[Python-Dev] Argument Clinic: what to do with builtins with non-standard signatures?

Nick Coghlan ncoghlan at gmail.com
Sat Jan 25 08:44:32 CET 2014

On 25 January 2014 01:07, Larry Hastings <larry at hastings.org> wrote:
> I'm sorting the problems we see into four rough categories.
> a) Functions where there's a static Python value that behaves
>    identically to not passing in that parameter (aka "the NULL problem")
>    Possible Solutions:
>      0) Do nothing, don't convert the function.
>      1) Use that clever static value as the default.

For this case, I think option 1) is better, as there's no externally
visible change in semantics, just a change to the internal
implementation details.

> b) Functions where there's no static Python value that behaves identically
> to
>    not passing in that parameter (aka "the dynamic default problem")
>    Possible solutions:
>      0) Do nothing, don't convert the function.
>      1) Use a magic value as None.  Preferably of the same type as the
>         function accepts, but failing that use None.  If they pass in
>         the magic value use the previous default value.  Guido himself
>         suggested this in
>      2) Use an Argument Clinic "optional group".  This only works for
>         functions that don't support keyword arguments.  Also, I hate
>         this, because "optional groups" are not expressable in Python
>         syntax, so these functions automatically have invalid signatures.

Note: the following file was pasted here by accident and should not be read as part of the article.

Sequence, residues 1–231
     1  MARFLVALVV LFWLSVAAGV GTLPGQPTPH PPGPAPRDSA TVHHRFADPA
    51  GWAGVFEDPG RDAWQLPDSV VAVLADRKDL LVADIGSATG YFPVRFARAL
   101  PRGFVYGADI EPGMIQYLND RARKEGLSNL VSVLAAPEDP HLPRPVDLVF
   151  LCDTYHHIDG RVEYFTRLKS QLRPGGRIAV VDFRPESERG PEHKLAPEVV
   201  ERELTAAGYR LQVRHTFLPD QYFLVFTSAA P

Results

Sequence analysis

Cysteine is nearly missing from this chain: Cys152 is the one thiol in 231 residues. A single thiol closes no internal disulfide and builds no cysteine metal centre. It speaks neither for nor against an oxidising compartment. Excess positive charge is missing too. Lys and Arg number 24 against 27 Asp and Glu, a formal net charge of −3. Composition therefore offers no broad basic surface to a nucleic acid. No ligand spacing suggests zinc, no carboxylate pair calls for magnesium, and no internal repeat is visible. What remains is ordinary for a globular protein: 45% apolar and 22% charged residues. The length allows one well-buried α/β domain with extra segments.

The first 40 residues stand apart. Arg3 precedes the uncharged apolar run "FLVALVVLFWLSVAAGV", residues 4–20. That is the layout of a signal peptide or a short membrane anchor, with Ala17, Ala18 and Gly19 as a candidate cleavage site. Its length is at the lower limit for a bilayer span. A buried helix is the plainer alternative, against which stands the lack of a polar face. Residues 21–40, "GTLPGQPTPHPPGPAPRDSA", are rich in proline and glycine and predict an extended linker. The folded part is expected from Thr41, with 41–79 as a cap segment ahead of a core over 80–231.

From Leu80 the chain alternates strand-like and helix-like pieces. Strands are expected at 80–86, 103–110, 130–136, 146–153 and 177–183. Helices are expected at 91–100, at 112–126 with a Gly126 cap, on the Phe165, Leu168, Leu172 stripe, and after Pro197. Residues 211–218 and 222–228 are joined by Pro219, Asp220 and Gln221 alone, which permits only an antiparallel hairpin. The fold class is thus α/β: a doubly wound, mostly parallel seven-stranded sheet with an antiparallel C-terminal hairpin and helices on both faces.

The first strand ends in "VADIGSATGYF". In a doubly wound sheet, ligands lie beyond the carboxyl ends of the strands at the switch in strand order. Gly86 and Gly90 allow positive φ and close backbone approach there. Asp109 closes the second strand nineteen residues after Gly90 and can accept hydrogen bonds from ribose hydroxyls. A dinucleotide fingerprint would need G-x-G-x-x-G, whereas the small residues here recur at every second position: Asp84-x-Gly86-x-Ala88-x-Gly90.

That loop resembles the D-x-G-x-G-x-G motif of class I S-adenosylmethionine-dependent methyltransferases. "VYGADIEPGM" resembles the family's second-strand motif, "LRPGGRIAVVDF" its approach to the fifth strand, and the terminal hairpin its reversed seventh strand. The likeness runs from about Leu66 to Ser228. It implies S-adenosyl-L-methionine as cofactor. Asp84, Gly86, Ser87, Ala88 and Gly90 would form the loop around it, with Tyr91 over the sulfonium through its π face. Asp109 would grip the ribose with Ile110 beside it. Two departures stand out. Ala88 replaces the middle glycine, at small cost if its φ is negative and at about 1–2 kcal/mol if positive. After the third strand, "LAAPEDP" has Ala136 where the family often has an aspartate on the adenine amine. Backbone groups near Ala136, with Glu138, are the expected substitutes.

I'm inclined to say "leave these for now, we'll fix them in 3.5".
They're going to be hard to convert without altering their semantics,
which we shouldn't be doing at this stage of the release cycle.
There's going to be follow up work in 3.5 anyway, as I think we should
continue with PEP 457 to make __text_signature__ a public API and add
optional group support to inspect.Signature.

> c) Functions that accept an 'int' when they mean 'boolean' (aka the
>    "ints instead of bools" problem)
>    Solution:
>      1) Use "bool".
>      2) Use "int", and I'll go relax Argument Clinic so they
>         can use bool values as defaults for int parameters.

If the temptation is to use True or False as the default, then I think
that's a clear argument that these should be accepting "bool".
However, expanding the accepted types is also clearly a new feature
that would need a "versionchanged" in the docs for all affected
functions, so I think these changes also belong in the "conversion
implies semantic changes, so leave until 3.5" category.

> d) Functions with behavior that deliberately defy being expressed as a
>    Python signature (aka the "untranslatable signature" problem)
>    Example:
>      itertools.repeat(), which behaves differently depending on whether
>      "times" is supplied as a positional or keyword argument.  (If
>      "times" is <0, and was supplied via position, the function yields
>      0 times. If "times" is <0, and was supplied via keyword, the
>      function yields infinitely-many times.)
>    Solution:
>      0) Do nothing, don't convert the function.
>      1) Change the signature until it is Python compatible.  This new
>         signature *must* accept a superset of the arguments accepted
>         by the existing signature.  (This is being discussed right
>         now in issue #19145.)

For these, I think we should respect the release cycle and leave them until 3.5.

Python has survived for a couple of decades with broken introspection
for builtins and extension modules, we'll survive another release that
still exhibits a subset of the problem :)


Nick Coghlan   |   ncoghlan at gmail.com   |   Brisbane, Australia

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